The bishop’s palace was erected in the second half of the 18th century as a Jesuit edifice, extending as a separate structure from the north-western wing of the college. The building served as the house of the bishop of Chełm (earning it the name of the bishop’s palace) for a brief period in years 1780-1807. In 1958, the palace was converted to serve as a monastic building;

The seminary building, established back in 1719, was only completed in 1739, having undergone two series of alteration works during the 19th and 20th century, with its interior layout having been preserved in its original form.

The vicarage, erected in the first half of the 18th century, was modified following the damage sustained in 1914.

Description

The complex is located at the edge of the Old Town district, near the gate, at the edge of the hill upon which the town rises, on the north-western side of the Wieprz river valley, to the south-west of the Market Square; the buildings stand by the street which leads out of the town, towards Cracow (currently known as the Marszałka J. Piłsudskiego street). The church is not oriented, its front façade facing the east, its body serving as the northern boundary of the inner courtyard of the former college edifice, consisting of three wings in total, with the bishop’s palace being positioned at the end of the western wing. The free-standing buildings of the former seminary and vicarage are separated from the rest by the courtyard in front of the church.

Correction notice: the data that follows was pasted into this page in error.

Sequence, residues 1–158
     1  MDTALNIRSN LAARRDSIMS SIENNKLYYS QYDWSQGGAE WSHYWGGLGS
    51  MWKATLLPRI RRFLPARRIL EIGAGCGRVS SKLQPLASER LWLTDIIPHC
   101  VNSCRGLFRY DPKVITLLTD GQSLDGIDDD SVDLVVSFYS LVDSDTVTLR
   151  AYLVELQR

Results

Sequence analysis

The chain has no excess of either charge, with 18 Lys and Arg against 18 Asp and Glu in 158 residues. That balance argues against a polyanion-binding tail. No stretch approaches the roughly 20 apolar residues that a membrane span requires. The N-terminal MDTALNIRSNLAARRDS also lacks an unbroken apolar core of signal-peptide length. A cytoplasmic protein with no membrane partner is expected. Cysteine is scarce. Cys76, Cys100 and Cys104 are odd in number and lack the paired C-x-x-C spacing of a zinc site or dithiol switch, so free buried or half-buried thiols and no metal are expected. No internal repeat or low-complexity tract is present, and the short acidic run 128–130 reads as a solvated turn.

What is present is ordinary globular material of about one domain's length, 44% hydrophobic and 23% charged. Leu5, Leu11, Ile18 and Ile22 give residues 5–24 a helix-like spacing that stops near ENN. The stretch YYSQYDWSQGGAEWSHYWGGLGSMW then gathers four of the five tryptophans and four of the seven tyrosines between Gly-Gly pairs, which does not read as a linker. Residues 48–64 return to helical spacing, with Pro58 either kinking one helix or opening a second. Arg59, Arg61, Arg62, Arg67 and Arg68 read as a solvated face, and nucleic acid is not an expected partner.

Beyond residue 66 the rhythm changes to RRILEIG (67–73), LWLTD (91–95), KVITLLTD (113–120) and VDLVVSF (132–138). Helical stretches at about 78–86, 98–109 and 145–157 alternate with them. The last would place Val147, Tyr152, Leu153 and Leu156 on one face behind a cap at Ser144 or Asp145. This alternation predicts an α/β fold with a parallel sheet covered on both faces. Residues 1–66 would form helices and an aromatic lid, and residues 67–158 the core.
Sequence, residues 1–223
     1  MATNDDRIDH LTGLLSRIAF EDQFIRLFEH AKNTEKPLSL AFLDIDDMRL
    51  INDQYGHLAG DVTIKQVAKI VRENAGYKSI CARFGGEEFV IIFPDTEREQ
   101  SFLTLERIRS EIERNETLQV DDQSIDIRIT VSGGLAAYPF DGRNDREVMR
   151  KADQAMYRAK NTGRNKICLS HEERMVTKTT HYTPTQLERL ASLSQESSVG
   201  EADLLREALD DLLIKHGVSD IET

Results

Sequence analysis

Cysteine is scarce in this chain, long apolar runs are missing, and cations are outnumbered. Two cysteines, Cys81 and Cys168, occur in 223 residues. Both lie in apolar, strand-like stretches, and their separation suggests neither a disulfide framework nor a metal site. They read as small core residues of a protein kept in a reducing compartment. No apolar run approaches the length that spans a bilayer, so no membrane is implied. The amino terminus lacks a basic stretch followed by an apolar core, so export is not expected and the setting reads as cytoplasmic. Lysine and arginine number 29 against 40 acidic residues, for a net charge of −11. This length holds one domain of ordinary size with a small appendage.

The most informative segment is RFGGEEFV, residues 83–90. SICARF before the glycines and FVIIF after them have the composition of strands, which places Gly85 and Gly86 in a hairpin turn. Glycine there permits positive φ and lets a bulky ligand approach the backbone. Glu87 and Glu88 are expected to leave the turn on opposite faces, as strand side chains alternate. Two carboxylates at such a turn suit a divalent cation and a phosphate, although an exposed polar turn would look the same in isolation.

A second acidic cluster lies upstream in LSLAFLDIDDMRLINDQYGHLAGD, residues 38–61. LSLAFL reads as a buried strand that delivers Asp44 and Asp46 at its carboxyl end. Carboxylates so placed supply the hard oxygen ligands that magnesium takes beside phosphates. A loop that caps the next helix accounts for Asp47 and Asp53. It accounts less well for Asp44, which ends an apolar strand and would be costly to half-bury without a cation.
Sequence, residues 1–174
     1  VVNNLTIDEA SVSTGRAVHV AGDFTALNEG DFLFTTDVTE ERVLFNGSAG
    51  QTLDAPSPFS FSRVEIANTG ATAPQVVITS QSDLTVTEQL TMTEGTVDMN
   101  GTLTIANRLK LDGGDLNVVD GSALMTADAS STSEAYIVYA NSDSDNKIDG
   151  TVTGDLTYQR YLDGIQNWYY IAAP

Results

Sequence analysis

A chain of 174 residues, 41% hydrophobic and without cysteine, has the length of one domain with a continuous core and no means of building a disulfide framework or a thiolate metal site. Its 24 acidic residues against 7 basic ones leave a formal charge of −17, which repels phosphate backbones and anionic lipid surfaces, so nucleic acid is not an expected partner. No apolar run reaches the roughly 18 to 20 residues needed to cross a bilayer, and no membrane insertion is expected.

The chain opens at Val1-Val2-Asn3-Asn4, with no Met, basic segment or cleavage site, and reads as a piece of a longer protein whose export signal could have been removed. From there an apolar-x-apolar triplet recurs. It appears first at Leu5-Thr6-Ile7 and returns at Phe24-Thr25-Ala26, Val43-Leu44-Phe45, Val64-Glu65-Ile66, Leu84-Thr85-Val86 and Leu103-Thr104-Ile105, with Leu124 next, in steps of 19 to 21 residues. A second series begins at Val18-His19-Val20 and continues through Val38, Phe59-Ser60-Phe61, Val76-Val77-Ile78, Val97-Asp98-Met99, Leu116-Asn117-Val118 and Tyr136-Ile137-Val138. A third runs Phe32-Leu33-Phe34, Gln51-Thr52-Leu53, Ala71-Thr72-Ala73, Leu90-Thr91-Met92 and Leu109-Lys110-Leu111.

The church was designed in the Baroque style; it is a brick edifice erected on a Latin cross floor plan, with a three-bay nave and two rows of chapel bays. The transept is incorporated into the rectangular outline of the main body, originally having featured a tall dome perched atop a tholobate positioned above the intersection, which was subsequently replaced by a flattened cupola ceiling concealed within the gable roof above. The nave features barrel vaults with lunettes, with sail vaults being used for the chapel bays. The transept bays feature barrel vaults divided by an even number of arches supported by paired Doric pilasters with fluted shafts. The chancel is designed on a floor plan shaped as three-quarters of a circle and features a conch-shaped half-dome with lunettes, framed by a pair of two-storey annexes serving as sacristies, which were added at a later date. The front façade features a pair of towers and follows a three-axial layout, its three storeys being accentuated by Doric pilasters. The cupolas above the towers are surmounted by massive tin statues of Jesuit saints - Ignatius of Loyola and Francis Xavier. Inside, the church features an almost perfectly preserved set of painted decorations dating back to the 1720s, complemented by an ensemble of Late Baroque architectural altarpieces with sculptural décor as well as set of Late Baroque black marble portals, including the main entrance portal.